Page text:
Machine learning and physical therapy don’t seem like they’d go hand in hand. But a recent PhD graduate from the Rehabilitation Science Program is using her data skills to help harness machine learning and give providers and clinicians more accurate patient predictions.
Danica Dummer, PT, DPT, NCS, PhD, works as a clinical consultant lead for Medical Group Analytics, a branch of University of Utah Medical Group. We caught up with Danica to learn more about how she leveraged an education in physical therapy to work in a cutting-edge field.
Tell us about your background and how you ended up at the College of Health?
I grew up playing sports and liked being around sports, so I always thought I’d work as a sports PT. I went to Northwestern University for PT school—it is a heavy neuro program and I fell in love with neurorehabilitation. When I was coming to the close of grad school, I knew I wanted to learn more about neuroscience and wanted to do a residency, so I applied all over the country. I applied to Utah because I have family out here and I really like the professors and the vibe of the school.
I did a yearlong neurological physical therapy residency and I got to work in inpatient, outpatient, and rehab. After that I stayed on at U of U Health as a physical therapist for two years. I worked on the Neuro Acute floor and in the Neuro ICU with a large variety of neurological conditions including stroke, traumatic brain injury, spinal cord injury, demyelinating diseases, and brain tumor resections.
I never envisioned going on to do a PhD and leaving clinical care. But when I did my residency and worked in multiple different settings in one organization, I started to get a feel for the inner workings of health care systems. I also noticed some inefficiencies that occurred as patients transfer and it spurred my interest in quality improvement.
Robin Marcus was my mentor for residency, and I joke that she kind of coerced me into doing a PhD. When I completed residency, I met with her about doing a program, but I decided to work in the clinical setting for a while. I kept gravitating to how data can improve trends in care and how we capture information in PT documentation. I reconnected with Robin and entered the PhD program in rehabilitation science. That combined my interests of using healthcare data to inform PT practice.
How did your PhD program prepare you to work in machine learning?
I was able to be part of the translational research and practice program, so I could still work once a week in the clinic while completing my degree. That allowed me to get ideas from my peers about where I could go with my research.
It still took me a while to figure out exactly what I wanted to do with my PhD. About a year and a half into the program, I went to a conference and learned about machine learning and how you could use it to analyze data. I thought it was magic! I found a course in my PhD program that was all about data science, and it led me to my dissertation.
Ultimately, I decided to write my dissertation on predicting post hospital healthcare utilization using machine learning. I wasn’t sure if I wanted to continue to work in a clinic, work as a professor or do something else post-graduation. But I kept gravitating toward impacting clinical care. I came across a position with Medical Group Analytics where I could serve as facilitator between providers and data systems. MGA provides practice-based management and clinical analytics services to our providers and others who staff the practices of the academic faculty.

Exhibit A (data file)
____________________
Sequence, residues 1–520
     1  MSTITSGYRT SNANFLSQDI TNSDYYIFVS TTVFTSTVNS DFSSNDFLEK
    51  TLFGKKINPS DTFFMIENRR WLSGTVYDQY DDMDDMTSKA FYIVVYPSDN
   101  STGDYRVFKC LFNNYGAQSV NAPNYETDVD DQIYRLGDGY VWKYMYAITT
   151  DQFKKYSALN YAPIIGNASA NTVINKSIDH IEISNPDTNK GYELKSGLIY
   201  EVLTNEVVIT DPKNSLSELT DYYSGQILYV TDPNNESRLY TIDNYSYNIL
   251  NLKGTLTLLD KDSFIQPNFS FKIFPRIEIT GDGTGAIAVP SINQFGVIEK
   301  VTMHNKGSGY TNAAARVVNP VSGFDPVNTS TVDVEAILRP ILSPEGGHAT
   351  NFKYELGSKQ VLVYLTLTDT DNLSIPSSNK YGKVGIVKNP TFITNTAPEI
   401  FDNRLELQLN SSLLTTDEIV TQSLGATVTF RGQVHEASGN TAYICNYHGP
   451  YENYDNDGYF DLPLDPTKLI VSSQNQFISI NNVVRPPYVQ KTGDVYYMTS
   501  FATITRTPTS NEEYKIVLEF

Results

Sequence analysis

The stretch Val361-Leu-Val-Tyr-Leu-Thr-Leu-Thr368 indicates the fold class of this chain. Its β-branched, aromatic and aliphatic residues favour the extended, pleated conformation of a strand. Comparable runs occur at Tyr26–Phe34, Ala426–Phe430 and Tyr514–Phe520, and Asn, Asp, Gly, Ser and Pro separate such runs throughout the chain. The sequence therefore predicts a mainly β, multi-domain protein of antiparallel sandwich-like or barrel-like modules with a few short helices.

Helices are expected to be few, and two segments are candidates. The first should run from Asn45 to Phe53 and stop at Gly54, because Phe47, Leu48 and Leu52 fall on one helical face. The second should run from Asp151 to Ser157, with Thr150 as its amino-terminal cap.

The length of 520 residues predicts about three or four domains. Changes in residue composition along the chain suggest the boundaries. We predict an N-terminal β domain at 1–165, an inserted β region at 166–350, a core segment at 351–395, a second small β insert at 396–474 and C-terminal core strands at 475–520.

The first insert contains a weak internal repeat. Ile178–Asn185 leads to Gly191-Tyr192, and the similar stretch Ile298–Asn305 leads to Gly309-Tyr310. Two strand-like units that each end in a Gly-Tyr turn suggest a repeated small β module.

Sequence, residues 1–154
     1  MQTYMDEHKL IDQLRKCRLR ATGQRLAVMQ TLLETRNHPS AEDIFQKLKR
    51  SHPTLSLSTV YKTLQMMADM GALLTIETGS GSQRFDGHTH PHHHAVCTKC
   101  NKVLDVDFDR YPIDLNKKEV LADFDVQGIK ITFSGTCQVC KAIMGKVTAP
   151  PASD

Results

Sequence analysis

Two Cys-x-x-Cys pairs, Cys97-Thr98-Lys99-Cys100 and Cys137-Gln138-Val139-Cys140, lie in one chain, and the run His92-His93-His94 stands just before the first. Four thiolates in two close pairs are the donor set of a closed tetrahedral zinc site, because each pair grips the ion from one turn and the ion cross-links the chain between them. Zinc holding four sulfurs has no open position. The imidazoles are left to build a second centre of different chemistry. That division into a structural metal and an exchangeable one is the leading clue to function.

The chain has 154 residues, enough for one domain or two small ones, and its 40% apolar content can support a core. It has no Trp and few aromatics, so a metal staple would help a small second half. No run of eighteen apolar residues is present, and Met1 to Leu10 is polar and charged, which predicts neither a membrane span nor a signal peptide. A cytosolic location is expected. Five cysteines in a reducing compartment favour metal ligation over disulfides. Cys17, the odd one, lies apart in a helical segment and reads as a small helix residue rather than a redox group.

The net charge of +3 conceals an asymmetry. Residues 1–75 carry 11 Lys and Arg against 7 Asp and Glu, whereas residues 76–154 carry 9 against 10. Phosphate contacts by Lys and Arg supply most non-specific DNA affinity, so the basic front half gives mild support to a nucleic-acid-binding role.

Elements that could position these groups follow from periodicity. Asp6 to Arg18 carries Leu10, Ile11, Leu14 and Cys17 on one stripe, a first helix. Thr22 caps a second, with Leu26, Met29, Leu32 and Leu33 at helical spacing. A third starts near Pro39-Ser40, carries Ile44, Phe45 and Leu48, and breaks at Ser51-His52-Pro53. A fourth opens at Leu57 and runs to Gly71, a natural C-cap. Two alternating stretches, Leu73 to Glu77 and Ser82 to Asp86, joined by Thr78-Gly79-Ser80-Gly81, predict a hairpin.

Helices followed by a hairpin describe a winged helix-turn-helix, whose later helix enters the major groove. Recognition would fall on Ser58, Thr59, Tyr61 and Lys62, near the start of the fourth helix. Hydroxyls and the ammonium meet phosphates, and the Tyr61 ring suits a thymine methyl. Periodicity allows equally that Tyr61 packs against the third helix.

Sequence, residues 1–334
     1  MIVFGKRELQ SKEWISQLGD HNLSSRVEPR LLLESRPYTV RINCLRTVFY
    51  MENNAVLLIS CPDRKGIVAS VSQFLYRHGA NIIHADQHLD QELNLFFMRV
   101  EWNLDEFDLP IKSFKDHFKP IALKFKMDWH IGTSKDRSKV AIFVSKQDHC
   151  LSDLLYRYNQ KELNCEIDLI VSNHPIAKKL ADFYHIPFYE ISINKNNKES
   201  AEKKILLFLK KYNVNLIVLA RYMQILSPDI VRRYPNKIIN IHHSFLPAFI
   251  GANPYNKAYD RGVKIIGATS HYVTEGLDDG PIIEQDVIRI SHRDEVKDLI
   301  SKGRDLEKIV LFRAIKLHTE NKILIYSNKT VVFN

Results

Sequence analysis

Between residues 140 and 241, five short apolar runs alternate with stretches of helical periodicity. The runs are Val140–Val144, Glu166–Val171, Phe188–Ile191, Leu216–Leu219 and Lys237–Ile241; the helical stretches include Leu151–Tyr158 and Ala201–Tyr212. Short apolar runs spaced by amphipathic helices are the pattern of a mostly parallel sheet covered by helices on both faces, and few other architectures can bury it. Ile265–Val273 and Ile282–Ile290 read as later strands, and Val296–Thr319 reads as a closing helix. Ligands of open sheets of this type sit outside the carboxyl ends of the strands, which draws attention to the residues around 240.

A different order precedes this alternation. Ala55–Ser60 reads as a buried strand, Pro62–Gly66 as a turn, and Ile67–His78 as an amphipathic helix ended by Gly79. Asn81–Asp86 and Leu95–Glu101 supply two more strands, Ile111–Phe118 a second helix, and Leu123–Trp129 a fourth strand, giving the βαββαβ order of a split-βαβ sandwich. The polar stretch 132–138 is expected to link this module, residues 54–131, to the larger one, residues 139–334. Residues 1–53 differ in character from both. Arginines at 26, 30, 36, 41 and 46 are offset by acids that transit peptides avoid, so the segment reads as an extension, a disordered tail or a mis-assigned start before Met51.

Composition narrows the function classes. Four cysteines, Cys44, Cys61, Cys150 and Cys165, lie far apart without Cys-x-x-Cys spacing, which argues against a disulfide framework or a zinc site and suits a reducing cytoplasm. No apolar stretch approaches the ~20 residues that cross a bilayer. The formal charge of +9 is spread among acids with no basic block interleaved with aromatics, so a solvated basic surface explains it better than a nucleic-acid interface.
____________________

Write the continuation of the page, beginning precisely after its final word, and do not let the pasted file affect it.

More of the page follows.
Tell us about your work now?
Thanks to a huge increase in the popularity of AI tools, I think a lot of providers are super interested in machine learning. But we need to help them along a journey of data literacy, starting at the bottom and working up. Then they know how to use it and what questions it can answer.
For example, we’re working on a project with the Department of Orthopedics. We’re using a patient’s historical data and any patient reported outcome measures to help inform and predict how they’ll do after a procedure. The data can predict their function, and we want to make it usable by providers so they can be even better informed when they meet with patients.
As this field continues to explode, we’re going to get a lot more interest and quality of data will be top of mind. We need to improve how we capture it and capture it more frequently. But ultimately it will expand the prediction space, so we can refine and personalize patients’ health journeys. We want to help patients get back to what they love to do after the optimal number of interventions—and we can use data to predict that.
Are there any downfalls to machine learning?
Data does have bias, and the bias that exists is related to the information we’re not capturing. Salt Lake City and Utah in general have lower minority populations so we don’t have enough data on them. Those are pitfalls that need to be considered and addressed just for representation. Historically minority populations haven’t had equal access to healthcare and that can be reflected in the data. I think the quality of the data we collect is solid, but the main problem are the areas where we can’t collect data.
Where do you see yourself going in this career?
I’ve been with Medical Group Analytics for two years and I’ve been able to work on some awesome projects that are system wide. I do miss clinical care and the impact you make in patients’ lives. But I still feel like I’m able to make an impact on a larger scale. I’d love to help grow our data science program in healthcare. Let’s create more resources for providers and clinicians to help them along their data journey.